After several decades in the music business and 22 recordings, composer, guitarist, producer, and Lion Music owner Lars Eric Mattsson isn't slowing down. Epicentre is his 23rd album, and the creative Mattsson has more than a few tricks up his progressive rock sleeve.
Not the least of which is taking to the microphone himself to sing on all of the 15 vocal tracks on this 18 track album. He give this a go only a few times in the past. Mattsson admits that he only found his 'voice' half way through the recording process, and then started over. His 'voice' is melodic, but definitely a little gruff and gritty. He's definitely a better composer and musician than a singer.
Another notable aspect, a difference if you will, of Epicentre is that the songs are shorter than usual, say, versus 2010's wonderful Tango. Mattsson says this was intentional. Most songs clock in around three to four minutes.
Perhaps the most intriguing thing about the album is Mattsson's diverse and eclectic song creation. But that's hardly news. His energy and creativity is boundless, making him a musical wizard. You can read about the songs in Mattsson's track-by-track description (PDF). Suffice to say that this is some exquisite melodic progressive rock that expresses Mattsson sharp song composition and skillful musicianship. (He plays everything except the drums.) You can listen to samples from the album below.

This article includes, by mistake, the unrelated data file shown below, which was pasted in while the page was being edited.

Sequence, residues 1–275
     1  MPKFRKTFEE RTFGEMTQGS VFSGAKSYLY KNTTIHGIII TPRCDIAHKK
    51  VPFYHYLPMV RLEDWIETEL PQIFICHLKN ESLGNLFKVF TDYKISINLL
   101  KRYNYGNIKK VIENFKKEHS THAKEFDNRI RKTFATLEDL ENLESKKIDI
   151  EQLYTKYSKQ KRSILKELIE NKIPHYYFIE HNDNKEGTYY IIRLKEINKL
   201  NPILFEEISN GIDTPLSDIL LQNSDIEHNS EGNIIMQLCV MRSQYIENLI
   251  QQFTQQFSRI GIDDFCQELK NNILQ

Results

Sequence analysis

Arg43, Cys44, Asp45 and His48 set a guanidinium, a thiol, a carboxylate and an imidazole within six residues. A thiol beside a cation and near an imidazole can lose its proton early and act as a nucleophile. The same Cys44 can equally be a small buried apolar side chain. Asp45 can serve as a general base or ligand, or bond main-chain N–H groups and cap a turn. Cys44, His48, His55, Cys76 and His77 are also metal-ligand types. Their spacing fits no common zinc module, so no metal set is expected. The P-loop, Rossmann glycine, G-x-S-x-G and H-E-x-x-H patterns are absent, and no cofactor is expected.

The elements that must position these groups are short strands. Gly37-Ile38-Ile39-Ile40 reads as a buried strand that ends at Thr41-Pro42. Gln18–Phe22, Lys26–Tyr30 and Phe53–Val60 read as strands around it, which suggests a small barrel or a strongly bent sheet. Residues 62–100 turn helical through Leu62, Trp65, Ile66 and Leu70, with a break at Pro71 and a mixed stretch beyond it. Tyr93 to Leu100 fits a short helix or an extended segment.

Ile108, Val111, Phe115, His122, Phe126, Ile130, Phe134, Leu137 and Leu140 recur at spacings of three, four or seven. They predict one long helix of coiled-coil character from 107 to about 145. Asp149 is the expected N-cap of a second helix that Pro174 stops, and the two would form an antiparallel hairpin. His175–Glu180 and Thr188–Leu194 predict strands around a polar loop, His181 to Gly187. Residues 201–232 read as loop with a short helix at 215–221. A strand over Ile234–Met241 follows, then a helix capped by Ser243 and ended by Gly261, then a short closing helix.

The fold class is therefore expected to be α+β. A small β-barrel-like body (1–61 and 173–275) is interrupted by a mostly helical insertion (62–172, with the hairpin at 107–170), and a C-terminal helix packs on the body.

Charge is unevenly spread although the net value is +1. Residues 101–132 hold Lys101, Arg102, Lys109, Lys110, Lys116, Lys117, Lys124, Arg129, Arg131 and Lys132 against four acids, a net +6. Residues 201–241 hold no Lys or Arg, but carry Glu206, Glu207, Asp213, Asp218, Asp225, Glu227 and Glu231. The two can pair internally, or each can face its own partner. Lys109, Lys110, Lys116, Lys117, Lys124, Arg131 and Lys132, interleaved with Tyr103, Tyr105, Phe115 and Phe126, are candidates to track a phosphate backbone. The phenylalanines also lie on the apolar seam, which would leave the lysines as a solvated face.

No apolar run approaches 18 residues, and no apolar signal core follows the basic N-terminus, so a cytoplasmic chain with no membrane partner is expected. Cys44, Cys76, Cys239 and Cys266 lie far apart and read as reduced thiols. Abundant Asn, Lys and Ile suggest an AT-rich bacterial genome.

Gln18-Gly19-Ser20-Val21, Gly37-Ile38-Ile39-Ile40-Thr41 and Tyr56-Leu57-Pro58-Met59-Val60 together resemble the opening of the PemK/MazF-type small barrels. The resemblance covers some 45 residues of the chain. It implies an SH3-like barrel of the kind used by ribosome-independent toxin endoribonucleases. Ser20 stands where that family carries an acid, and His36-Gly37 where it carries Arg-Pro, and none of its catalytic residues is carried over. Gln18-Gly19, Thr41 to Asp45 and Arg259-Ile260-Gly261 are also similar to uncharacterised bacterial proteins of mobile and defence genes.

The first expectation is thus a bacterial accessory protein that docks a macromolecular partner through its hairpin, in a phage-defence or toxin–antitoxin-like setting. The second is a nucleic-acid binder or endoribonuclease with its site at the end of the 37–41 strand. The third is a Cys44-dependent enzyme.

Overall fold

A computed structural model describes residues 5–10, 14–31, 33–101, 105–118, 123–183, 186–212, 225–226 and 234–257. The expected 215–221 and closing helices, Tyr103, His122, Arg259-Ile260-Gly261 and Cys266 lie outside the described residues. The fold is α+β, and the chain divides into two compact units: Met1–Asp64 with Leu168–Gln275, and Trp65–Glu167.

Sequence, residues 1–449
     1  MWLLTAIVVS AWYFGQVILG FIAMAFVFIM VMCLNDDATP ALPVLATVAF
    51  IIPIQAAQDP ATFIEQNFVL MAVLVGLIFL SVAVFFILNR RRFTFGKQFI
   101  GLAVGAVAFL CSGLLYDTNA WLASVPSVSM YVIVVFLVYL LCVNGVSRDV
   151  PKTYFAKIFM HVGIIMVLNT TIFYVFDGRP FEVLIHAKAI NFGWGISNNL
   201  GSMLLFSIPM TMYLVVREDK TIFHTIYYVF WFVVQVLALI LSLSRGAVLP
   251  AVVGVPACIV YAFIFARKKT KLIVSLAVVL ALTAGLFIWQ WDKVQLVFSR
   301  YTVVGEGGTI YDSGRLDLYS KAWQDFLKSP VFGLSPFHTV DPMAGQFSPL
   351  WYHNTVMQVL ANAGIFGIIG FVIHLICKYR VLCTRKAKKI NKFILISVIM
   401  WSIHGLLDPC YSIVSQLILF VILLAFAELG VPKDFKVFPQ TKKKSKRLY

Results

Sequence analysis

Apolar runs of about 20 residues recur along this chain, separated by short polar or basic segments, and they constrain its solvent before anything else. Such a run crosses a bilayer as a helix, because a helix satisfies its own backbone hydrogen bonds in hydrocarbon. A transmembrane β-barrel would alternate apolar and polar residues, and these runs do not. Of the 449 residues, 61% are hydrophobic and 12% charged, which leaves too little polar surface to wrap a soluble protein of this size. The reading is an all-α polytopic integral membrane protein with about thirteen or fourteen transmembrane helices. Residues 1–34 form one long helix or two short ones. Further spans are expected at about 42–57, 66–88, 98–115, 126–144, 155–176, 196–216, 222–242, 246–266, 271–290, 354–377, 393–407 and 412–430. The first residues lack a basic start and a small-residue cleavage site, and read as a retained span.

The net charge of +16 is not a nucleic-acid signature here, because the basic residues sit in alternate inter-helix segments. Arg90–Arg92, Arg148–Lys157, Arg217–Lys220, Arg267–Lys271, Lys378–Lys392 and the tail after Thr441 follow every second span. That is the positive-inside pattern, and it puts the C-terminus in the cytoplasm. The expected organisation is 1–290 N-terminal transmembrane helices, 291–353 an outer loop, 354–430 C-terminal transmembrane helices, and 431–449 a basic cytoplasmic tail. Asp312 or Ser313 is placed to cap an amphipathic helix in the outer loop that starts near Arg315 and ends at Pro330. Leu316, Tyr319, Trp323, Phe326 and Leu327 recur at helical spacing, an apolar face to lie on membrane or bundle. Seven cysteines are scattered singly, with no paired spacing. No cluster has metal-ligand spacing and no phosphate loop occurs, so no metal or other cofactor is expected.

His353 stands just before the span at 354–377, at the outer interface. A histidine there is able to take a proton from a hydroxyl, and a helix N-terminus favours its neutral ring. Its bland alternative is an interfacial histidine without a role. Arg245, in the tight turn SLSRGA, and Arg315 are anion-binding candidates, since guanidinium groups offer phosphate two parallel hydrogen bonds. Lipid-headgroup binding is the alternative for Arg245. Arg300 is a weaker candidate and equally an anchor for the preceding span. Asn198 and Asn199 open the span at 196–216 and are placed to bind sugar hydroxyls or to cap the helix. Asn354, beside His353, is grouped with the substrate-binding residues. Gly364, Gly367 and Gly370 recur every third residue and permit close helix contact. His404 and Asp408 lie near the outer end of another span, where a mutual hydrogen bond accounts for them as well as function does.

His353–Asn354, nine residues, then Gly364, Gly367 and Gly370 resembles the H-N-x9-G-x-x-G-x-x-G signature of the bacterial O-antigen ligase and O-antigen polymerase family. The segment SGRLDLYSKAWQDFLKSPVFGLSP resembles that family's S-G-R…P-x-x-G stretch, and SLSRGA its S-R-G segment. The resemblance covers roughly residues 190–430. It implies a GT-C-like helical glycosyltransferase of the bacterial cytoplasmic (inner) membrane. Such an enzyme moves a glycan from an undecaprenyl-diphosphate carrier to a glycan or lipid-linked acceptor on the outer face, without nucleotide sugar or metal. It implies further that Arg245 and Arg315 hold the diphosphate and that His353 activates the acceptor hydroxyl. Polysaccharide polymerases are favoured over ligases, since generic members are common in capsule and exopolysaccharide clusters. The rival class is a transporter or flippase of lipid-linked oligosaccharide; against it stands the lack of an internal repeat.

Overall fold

But here's a few highlights. For some crafty pure prog Wait for the Sunrise and Freedom Fighters (one of three instrumentals) are choice numbers, the latter with some of Mattsson's most fiery fret work. Within A New Devil, he blends electric and acoustic guitar with some dobro for an appealing musical cocktail. There's definitely blues/jazz shuffle to Too Late, and some real electric blues with Scratch My Back. Another instrumental, South of the Border is an odd bird as it sounds like one long withering guitar solo. It's not the most pleasing track here, but in lesser hands, it probably would have been butchered.
Some final comments. A curious thing you'll notice is that there is no pause, or brief silent segue, between most songs. Mattsson plays, stops, and then jumps right in again. The number and length of the album, 18 songs at nearly 70 minutes, makes for a rather large consumption in one listen. But Mattsson notes that this was intentional as all the songs point to where he is in his musical journey. Epicentre is another accomplished and creative recording from a quite talented musician. Easily recommended.
Mattsson's Epicentre is another accomplished and creative recording from a quite talented musician.
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